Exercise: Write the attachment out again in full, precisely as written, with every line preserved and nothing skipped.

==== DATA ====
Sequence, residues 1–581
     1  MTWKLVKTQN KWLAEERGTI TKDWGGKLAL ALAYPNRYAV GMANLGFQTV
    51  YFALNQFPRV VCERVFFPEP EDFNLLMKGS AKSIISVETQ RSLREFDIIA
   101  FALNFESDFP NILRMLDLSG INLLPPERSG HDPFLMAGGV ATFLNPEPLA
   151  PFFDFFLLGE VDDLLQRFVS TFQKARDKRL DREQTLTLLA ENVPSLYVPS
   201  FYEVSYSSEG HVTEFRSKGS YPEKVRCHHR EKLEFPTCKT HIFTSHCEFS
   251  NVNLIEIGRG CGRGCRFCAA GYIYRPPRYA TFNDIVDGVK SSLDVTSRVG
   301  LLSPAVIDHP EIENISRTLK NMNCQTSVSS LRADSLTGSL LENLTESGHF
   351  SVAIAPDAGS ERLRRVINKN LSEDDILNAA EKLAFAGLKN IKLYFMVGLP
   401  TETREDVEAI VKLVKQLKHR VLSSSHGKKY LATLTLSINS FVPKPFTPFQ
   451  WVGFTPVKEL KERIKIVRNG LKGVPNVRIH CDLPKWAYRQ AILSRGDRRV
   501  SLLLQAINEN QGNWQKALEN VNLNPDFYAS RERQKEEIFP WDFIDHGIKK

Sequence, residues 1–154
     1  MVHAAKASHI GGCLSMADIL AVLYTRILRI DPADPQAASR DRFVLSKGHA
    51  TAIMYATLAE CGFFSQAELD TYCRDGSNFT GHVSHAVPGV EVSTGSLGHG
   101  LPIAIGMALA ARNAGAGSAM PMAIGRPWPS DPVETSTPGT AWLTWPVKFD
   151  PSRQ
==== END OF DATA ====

Sequence, residues 1–581
     1  MTWKLVKTQN KWLAEERGTI TKDWGGKLAL ALAYPNRYAV GMANLGFQTV
    51  YFALNQFPRV VCERVFFPEP EDFNLLMKGS AKSIISVETQ RSLREFDIIA
   101  FALNFESDFP NILRMLDLSG INLLPPERSG HDPFLMAGGV ATFLNPEPLA
   151  PFFDFFLLGE VDDLLQRFVS TFQKARDKRL DREQTLTLLA ENVPSLYVPS
   201  FYEVSYSSEG HVTEFRSKGS YPEKVRCHHR EKLEFPTCKT HIFTSHCEFS
   251  NVNLIEIGRG CGRGCRFCAA GYIYRPPRYA TFNDIVDGVK SSLDVTSRVG
   301  LLSPAVIDHP EIENISRTLK NMNCQTSVSS LRADSLTGSL LENLTESGHF
   351  SVAIAPDAGS ERLRRVINKN LSEDDILNAA EKLAFAGLKN IKLYFMVGLP
   401  TETREDVEAI VKLVKQLKHR VLSSSHGKKY LATLTLSINS FVPKPFTPFQ
   451  WVGFTPVKEL KERIKIVRNG LKGVPNVRIH CDLPKWAYRQ AILSRGDRRV
   501  SLLLQAINEN QGNWQKALEN VNLNPDFYAS RERQKEEIFP WDFIDHGIKK

Sequence, residues 1–154
     1  MVHAAKASHI GGCLSMADIL AVLYTRILRI DPADPQAASR DRFVLSKGHA
    51  TAIMYATLAE CGFFSQAELD TYCRDGSNFT GHVSHAVPGV EVSTGSLGHG
   101  LPIAIGMALA ARNAGAGSAM PMAIGRPWPS DPVETSTPGT AWLTWPVKFD
   151  PSRQ